People are always trying to make their lives easier by inventing new appliances. Many of them are considered to be revolutionary as they make doing chores much easier and faster. Now it is almost impossible to imagine our life without a dishwashing machine, a pressure cooker, a blender and many other home appliances. A vacuum sealer is on this list as well, helping people to store foods for longer periods of time and claiming that by removing oxygen foods are preserved from mold and fungi.
However, there are certain types of bacteria that prefer low oxygen environment and they can grow even on vacuum sealed foods. Botulism and Listeria monocytogenes are examples that can grow and thrive in an anaerobic environment causing food borne illnesses. They can also grow even faster in vacuum sealed food because there is no competition with other bacteria. If the foods were not packaged under vacuum the oxygen will protect food from C. botulinum growth and development, but since there’s almost no air nothing prevents these types of bacteria from thriving. Under refrigerated conditions extended shelf life could allow slow growing bacteria to reach high numbers. These types of bacteria do not produce noticeable changes in food as opposed to spoilage bacteria that normally spoils the food in a noticeable way (odor, color, sliminess, etc.).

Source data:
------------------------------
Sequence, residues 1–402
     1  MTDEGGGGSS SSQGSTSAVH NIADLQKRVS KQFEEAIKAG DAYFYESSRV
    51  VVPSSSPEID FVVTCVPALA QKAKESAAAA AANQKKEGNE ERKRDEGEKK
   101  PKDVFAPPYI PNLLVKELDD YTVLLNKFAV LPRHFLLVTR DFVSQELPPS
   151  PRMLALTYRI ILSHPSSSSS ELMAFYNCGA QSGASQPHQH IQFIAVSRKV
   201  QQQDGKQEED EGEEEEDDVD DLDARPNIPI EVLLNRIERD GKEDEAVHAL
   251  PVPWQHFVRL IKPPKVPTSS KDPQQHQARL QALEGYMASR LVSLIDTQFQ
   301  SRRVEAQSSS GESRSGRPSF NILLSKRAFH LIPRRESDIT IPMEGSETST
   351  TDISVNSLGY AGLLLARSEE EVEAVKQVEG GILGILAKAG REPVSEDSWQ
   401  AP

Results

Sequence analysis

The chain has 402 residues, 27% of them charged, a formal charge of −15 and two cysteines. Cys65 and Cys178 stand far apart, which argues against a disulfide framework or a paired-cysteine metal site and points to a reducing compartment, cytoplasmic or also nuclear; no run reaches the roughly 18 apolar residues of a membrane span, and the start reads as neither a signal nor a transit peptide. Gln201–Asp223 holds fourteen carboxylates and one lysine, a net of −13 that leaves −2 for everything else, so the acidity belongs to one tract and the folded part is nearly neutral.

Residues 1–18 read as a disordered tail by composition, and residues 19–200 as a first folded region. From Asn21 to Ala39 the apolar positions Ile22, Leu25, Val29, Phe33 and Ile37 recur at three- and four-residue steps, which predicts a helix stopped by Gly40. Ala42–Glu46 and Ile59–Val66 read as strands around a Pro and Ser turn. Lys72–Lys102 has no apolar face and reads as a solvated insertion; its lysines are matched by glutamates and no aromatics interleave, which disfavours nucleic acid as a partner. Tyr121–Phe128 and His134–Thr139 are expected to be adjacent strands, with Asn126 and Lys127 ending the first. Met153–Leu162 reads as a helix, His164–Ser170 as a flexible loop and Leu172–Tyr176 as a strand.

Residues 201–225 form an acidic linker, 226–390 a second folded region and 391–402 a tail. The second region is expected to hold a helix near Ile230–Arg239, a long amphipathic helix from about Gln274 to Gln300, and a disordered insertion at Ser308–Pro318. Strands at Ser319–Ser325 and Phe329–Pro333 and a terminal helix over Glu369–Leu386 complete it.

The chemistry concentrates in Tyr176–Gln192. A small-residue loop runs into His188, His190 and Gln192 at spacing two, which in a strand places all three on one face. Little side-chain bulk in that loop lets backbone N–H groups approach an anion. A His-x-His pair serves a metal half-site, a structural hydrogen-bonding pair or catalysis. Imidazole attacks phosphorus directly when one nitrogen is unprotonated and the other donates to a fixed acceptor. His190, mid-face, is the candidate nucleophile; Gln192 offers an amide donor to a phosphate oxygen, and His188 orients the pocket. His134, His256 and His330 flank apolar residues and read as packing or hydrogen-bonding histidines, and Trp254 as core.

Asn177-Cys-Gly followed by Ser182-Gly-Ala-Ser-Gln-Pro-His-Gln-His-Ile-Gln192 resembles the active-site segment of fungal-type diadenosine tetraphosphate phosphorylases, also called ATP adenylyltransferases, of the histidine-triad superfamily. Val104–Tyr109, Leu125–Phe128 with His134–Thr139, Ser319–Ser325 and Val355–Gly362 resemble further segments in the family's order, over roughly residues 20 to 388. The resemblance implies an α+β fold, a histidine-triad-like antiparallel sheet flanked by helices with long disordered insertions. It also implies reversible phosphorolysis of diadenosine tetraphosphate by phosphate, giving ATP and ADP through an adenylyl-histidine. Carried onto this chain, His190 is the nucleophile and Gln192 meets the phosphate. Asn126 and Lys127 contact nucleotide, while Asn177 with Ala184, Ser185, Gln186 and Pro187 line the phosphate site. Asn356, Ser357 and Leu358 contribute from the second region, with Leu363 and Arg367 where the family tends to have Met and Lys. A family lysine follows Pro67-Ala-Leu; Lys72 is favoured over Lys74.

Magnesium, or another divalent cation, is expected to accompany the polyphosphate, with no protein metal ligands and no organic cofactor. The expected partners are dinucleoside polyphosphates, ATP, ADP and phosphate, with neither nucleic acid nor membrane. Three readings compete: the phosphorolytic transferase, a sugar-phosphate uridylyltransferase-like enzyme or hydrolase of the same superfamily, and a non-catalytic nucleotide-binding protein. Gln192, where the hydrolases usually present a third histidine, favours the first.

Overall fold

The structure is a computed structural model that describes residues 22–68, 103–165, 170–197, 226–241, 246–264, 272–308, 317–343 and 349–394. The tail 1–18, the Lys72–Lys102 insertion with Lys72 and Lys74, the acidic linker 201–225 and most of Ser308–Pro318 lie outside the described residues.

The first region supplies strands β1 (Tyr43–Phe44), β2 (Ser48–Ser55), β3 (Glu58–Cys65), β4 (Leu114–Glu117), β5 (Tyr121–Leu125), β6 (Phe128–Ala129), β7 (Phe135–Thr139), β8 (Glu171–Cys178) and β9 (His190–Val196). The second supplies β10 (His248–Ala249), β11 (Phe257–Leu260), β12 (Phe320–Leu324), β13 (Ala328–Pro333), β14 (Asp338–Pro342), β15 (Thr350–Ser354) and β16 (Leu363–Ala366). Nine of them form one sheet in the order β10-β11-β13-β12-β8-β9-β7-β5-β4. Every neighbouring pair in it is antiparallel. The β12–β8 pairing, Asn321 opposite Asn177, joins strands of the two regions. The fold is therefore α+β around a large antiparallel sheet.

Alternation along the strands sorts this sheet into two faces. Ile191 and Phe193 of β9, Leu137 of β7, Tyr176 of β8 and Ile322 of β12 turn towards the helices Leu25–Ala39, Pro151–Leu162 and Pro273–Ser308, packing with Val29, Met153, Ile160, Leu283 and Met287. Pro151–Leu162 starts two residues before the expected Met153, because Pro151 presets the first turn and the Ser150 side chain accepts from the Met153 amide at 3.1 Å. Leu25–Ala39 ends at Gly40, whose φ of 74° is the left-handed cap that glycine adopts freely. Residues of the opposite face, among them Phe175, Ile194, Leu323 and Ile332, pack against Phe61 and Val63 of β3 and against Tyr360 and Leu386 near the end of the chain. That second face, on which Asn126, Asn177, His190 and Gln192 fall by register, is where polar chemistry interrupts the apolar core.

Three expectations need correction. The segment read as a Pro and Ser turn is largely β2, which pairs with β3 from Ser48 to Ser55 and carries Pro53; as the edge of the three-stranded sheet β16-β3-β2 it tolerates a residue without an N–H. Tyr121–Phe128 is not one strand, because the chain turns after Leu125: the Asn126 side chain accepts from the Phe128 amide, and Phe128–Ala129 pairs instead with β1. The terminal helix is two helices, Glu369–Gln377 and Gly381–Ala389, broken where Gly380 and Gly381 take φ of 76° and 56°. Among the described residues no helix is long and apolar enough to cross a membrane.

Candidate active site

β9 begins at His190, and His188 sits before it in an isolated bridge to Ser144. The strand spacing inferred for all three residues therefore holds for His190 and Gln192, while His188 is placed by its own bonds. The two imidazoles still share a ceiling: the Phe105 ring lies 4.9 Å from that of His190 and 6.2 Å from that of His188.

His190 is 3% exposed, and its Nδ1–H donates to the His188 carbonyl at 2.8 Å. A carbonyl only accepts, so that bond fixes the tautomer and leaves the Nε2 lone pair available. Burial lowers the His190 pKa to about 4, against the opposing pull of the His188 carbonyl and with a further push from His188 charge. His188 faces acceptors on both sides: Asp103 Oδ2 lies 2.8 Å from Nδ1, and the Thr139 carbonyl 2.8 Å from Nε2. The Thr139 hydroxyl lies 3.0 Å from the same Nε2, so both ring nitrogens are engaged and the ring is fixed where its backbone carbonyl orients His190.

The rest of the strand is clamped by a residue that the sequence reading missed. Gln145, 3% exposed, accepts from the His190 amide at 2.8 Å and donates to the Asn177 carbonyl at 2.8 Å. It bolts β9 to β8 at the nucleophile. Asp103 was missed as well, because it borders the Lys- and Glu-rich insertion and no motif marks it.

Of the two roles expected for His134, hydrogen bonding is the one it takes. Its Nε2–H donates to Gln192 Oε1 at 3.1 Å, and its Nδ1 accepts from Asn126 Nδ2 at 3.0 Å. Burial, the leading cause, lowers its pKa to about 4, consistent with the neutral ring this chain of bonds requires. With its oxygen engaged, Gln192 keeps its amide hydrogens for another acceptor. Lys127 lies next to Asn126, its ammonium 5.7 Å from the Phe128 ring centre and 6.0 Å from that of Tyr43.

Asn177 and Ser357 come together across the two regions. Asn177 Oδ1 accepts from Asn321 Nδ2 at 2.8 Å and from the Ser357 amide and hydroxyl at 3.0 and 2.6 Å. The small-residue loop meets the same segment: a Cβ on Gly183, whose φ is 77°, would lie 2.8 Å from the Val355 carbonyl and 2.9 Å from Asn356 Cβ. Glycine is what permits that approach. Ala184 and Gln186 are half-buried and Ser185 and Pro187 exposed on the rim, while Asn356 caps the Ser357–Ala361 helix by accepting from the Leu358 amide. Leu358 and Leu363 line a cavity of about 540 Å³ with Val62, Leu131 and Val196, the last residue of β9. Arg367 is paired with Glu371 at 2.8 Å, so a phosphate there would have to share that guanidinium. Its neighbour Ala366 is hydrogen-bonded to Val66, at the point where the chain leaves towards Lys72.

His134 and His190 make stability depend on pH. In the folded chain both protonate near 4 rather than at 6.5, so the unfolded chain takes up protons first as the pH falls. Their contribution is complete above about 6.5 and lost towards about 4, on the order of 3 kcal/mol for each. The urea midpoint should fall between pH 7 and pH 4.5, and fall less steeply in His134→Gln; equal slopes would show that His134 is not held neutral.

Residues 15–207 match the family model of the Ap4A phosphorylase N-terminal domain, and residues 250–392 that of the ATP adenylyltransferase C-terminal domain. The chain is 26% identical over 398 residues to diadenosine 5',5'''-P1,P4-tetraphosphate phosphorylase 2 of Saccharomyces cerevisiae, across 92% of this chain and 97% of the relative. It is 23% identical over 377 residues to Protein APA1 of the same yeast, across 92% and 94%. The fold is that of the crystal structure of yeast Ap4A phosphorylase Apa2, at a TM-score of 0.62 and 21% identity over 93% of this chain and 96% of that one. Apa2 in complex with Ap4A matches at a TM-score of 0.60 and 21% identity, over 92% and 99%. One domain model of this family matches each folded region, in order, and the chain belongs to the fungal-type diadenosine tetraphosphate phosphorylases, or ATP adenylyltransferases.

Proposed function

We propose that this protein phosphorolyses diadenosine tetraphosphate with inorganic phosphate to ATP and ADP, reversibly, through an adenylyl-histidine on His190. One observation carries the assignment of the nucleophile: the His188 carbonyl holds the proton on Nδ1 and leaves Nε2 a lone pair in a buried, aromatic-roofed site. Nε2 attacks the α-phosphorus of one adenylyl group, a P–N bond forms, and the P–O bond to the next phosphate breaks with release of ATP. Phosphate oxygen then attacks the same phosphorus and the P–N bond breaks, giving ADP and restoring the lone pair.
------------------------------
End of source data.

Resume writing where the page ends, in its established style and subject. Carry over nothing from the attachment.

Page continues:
If you prepare your food in a clean uncontaminated environment, there is nothing to worry about, but if you want to make sure that your food is safe after vacuum sealing follow the following guidelines:
• Wash your hands before and during the vacuum sealing process.
• It’s better not to touch food with your hands at all. Use clean sanitized spoons, tongs or other kitchen utensils to handle the food.
• Keep utensils, cutting boards and working surfaces clean and sanitized.
• Store vacuum sealed foods in the refrigerator or freezer. Dry products, such as pasta or rice can be kept at room temperature.
• Keep the package with thawing food open to minimize bacterial growth. If the package stays closed there is still a vacuum environment where pathogenic bacteria can be active.
• Make sure you don’t cross contaminate food.
• Label the sealed packages with type of food and date packaged.
• Always make sure that the seal is complete and no air will be coming into the bag.
• Don’t throw away the manual: it has important information concerning shelf life of vacuum packaged foods. Always keep that in mind and check your freezer periodically to make sure there is nothing too old.
• Any food showing signs of spoilage should be discarded immediately.
Vacuum sealing foods is an effective way to store your foods fresh and prolong their shelf life, but remember that removing air from the package doesn’t just solve some food storage problems – it could also bring others. Just make sure you are taking proper steps in handling and storing your food to reduce bacteria.
Can Vacuum Sealing Be Hazardous To Your Health? Credit Picture License: pennstatenews via photopin cc